Governments spent more than €900 billion on fossil fuel subsidies in 2022, the highest figure ever recorded.
According to a new report by the International Energy Agency (IEA), the eye-watering sum is more than double the 2021 total.
The record-busting figure is linked to Russia’s invasion of Ukraine.
The war - and subsequent disruption to Russian fossil gas exports - sent energy prices soaring.
To shield consumers, governments poured money into fossil fuel subsidies like petrol price caps, policies which see governments limit the price fuel companies can charge for petrol - and pay these companies the difference.
But the huge spend threatens climate goals, warns the IEA’s senior energy analyst Toru Muta and energy analyst Musa Erdogan.
“Our analysis shows that many of these government measures were not well targeted,” they write in an analysis of the report, which is entitled Fossil Fuels Consumption Subsidies 2022.
A “And while they may have partially protected customers from skyrocketing costs, they artificially maintained fossil fuels’ competitiveness versus low-emissions alternatives.”
Why did governments spend so much money on fossil fuel subsidies in 2021?
Subsidies for oil and ‘natural gas’ (aka fossil gas) soared last year.
Governments spent $343 billion (€321 billion) on oil subsidies last year, an 85 per cent increase on 2021. $346 billion (€323 billion) was poured into natural gas subsidies, more than double the previous year’s investment.
Coal subsidies tripled year-on-year, from $3 billion (€2.8 billion) to $9 billion (€8.4 billion).
A further $399 billion (€373 billion) went into electricity subsidies.
These cuts were largely intended to shield consumers from extreme energy market volatility in light of the war in Ukraine.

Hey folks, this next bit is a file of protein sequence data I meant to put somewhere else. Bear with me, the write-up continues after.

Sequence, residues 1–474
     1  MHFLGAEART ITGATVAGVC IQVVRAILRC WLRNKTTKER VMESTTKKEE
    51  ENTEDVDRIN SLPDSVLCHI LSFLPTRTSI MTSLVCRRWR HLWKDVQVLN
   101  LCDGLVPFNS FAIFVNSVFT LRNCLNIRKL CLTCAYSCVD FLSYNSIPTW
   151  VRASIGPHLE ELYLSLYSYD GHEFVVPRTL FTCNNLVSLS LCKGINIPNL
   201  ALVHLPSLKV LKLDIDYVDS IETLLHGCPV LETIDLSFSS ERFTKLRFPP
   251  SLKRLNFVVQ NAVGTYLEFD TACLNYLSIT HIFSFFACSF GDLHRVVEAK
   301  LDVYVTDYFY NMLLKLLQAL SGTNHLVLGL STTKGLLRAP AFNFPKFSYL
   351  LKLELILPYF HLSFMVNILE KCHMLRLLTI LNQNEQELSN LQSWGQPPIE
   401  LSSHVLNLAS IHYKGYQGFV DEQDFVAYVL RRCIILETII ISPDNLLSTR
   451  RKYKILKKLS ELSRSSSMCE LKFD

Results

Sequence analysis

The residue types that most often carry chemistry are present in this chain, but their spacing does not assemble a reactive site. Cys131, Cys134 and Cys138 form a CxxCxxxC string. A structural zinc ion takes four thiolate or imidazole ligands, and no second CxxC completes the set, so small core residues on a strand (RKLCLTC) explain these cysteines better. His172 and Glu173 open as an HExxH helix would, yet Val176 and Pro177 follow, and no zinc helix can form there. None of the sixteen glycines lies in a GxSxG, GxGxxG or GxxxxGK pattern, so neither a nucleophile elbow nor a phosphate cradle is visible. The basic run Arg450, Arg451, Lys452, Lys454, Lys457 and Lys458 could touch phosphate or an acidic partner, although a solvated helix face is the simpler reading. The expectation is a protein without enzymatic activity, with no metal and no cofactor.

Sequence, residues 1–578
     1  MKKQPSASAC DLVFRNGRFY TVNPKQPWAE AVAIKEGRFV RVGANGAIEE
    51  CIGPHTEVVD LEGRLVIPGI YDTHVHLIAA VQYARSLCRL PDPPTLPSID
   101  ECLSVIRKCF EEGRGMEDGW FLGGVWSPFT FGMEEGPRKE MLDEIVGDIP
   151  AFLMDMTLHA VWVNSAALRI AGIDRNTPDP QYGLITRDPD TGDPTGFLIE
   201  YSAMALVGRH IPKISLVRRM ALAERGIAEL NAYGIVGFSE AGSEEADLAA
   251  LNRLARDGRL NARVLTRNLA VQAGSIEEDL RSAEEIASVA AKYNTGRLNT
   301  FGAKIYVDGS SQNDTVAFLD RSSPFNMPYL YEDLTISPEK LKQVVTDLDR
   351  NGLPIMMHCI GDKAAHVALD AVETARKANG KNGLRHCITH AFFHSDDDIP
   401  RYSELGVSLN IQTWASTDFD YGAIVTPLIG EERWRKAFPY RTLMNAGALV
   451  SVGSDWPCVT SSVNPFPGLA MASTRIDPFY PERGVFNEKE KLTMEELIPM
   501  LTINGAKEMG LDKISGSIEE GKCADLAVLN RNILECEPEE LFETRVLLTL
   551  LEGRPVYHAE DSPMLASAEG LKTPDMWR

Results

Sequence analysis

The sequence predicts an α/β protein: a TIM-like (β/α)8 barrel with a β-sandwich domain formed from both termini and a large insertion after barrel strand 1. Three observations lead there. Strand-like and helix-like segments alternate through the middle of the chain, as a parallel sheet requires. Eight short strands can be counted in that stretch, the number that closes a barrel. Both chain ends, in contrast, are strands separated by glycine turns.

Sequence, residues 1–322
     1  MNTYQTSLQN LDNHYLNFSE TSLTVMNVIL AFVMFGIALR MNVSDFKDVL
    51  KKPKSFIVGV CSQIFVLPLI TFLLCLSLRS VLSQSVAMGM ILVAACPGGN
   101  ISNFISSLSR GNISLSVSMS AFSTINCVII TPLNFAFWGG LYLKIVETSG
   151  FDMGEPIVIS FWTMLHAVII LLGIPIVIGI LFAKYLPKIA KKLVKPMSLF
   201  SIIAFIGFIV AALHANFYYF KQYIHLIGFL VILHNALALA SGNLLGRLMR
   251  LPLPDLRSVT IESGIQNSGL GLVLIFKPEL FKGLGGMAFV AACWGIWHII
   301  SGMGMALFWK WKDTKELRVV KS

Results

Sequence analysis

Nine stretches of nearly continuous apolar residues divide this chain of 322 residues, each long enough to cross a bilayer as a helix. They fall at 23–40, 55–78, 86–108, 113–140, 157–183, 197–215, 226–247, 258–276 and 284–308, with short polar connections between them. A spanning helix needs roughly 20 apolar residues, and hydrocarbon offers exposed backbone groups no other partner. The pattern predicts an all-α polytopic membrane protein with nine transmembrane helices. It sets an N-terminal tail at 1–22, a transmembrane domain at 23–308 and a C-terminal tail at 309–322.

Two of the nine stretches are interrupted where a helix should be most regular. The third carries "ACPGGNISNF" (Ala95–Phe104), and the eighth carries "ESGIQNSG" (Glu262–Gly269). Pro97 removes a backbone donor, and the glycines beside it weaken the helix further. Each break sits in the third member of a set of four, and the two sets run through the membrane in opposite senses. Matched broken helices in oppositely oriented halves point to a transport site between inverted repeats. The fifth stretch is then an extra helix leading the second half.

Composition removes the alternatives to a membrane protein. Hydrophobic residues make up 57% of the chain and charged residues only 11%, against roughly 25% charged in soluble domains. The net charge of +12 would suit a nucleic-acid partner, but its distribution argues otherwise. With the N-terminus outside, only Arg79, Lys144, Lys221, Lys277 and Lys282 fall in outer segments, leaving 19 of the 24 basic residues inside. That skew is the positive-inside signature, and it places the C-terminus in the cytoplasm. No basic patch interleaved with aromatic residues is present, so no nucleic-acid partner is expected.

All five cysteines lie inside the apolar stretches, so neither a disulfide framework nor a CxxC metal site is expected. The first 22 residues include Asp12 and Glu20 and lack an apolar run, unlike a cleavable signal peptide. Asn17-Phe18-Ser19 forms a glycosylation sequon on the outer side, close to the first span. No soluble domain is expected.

They took many forms, including energy caps. For example, Thailand introduced a price cap of THB 30 (€ 0.82) per litre of diesel, while the UK government temporarily cut fuel duty on petrol and diesel.
What do fossil fuel subsidies mean for the planet?
Fossil fuel extraction and consumption is the biggest cause of global warming.
To limit climate-change induced temperature increases below 2 degrees Celsius, society must rapidly decarbonise.
In 2021, signatories to the Glasgow Climate Pact committed to phasing out “inefficient fossil fuel subsidies.”
But the energy crisis has turned back the clock on this progress.
It is necessary to protect consumers from the worst impact of fossil fuel price rises, the IEA report says.
But authorities must be mindful of the environmental consequences - and direct their support effectively.
“During an energy crisis, government commitments to phasing out subsidies are overshadowed by the priority to protect consumers,” the report reads.
“The resulting government actions reduce hardship but also weaken incentives for consumers to save or to switch to alternative sources of energy, and use up public funds that could be spent in other areas, including on clean energy transitions.”
Fossil fuel subsidies are ultimately an inefficient way of helping consumers, the IEA analysts conclude. Instead, governments should invest in clean energy infrastructure.
“It is far better for governments to spend time and money on structural changes that bring down fossil fuel demand, rather than on emergency relief when fuel prices go up,” the report authors urge.